Hammersmith and Fulham Council has abandoned its ambitious plans to transfer its housing stock to a specially-formed housing association which was intended to strengthen residents’ control over the future of their homes and protect them against unwanted future demolition.
A report by the Labour-run borough’s director of finance and resources, to be considered by a council committee next week, says that “the stock transfer programme has been closed” due to the government making clear there is no funding to support it and “all other options” for financing it falling short of what is required.
Council members voted to pursue the transfer to a “community gateway” not-for-profit body in December 2015 following the recommendations of a Residents’ Commission on Council Housing it had set up earlier that year under the leadership of former Streatham MP and Labour housing minister Keith Hill.
Labour gained control of what had been a flagship Conservative authority in 2014, promising to “work with council tenants to give them ownership of the land their homes are on”. The pledge was made in the context of a Tory regeneration programme which had already seen an agreement made for selling two estates to a private developer as part of the wider Earls Court redevelopment project.
At a conference for council tenants in March 2015, Hill warned that the Conservatives could win the Town Hall back in 2018 and said that Labour’s manifesto pledge was to combat “the risk, as several residents have put it to me, of having their homes sold out from under them”.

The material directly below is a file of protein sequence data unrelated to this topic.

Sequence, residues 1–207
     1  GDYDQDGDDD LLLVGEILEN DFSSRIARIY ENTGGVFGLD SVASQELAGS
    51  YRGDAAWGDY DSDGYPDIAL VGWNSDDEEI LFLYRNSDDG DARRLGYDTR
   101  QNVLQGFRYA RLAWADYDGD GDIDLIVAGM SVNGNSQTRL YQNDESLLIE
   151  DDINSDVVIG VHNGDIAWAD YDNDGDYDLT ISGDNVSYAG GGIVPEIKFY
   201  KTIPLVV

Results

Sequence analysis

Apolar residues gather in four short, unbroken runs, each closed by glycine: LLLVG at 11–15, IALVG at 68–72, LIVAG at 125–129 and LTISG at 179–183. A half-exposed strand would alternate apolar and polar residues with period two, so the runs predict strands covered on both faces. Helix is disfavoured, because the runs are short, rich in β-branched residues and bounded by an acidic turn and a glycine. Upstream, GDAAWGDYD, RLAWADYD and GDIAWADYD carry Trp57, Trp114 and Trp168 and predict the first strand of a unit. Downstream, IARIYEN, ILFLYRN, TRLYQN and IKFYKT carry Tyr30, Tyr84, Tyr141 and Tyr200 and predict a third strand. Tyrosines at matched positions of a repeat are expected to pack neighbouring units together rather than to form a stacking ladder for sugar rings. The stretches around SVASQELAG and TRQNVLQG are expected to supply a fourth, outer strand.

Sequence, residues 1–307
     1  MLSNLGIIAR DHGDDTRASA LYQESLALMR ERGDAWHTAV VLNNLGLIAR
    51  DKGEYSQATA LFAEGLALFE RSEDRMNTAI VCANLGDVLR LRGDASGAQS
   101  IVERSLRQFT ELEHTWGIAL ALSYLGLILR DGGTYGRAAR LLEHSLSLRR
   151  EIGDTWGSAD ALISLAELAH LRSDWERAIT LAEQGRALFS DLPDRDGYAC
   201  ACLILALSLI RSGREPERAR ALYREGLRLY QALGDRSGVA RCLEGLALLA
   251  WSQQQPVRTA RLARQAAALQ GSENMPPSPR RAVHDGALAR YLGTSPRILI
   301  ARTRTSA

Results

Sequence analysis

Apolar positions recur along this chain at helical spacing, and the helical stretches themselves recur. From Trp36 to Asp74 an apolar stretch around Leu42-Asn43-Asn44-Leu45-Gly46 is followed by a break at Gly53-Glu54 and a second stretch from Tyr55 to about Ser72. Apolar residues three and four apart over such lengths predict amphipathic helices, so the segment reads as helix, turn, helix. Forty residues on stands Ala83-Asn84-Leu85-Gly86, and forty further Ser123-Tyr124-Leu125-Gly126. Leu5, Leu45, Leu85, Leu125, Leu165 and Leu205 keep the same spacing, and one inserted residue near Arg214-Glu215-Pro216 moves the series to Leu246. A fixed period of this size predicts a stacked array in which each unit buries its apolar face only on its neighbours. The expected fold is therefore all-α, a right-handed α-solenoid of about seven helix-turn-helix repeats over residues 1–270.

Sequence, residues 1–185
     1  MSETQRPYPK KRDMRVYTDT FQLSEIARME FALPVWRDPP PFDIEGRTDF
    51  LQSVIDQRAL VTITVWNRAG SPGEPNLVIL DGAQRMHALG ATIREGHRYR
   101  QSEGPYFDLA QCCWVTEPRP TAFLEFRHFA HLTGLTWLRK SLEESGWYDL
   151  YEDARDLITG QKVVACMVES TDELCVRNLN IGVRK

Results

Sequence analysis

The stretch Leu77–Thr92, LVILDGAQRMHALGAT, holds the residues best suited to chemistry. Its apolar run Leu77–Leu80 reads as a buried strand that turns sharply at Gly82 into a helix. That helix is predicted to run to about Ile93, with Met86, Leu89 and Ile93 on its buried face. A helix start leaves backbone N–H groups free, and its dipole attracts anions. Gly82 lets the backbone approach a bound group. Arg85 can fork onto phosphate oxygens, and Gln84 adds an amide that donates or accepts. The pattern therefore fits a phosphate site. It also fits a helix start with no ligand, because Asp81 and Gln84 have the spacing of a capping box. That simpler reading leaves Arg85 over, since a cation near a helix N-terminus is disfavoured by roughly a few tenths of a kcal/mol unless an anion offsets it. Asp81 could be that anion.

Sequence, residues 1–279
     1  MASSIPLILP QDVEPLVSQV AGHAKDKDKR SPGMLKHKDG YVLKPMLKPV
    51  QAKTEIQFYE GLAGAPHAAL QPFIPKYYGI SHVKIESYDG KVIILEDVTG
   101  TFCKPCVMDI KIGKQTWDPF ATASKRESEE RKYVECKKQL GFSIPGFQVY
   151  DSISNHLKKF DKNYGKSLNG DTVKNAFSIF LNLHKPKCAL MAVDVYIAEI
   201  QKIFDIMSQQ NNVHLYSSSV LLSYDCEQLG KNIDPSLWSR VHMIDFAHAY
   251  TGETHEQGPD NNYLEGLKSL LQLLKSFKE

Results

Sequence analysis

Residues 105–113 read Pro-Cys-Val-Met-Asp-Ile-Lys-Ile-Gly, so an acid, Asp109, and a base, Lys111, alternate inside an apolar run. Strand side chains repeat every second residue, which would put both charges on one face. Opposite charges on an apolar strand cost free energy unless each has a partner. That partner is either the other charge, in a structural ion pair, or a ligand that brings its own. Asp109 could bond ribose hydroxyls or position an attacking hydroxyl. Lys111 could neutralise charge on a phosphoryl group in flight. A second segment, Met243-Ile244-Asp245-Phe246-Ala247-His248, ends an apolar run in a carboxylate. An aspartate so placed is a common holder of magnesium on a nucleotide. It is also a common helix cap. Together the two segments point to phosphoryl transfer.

Tory councillor Harry Phibbs, the opposition group’s spokesman for housing, has welcomed what he calls an “unwanted proposal to abolish council housing in the borough” as “excellent news”, claiming that the plans had been a waste of money and “left many of Labour’s traditional supporters feeling betrayed”.
Conservatives in Hammersmith opposed the stock transfer during the 2015 general election campaign, which saw Labour’s Andy Slaughter re-elected as the local MP. The Tories will be eager to win back Hammersmith and Fulham in next year’s council elections, having lost it against expectations by 26 seats to 20 in 2014.
The director of finance and resources’s report lists “a number of important benefits” as arising from the residents’ commission and stock transfer programme, despite their core objective being dropped. These include a “blueprint for the housing service” based on evidence gathered at a dozen public hearings, a survey of the condition of the borough’s council homes and improvement engagement with residents.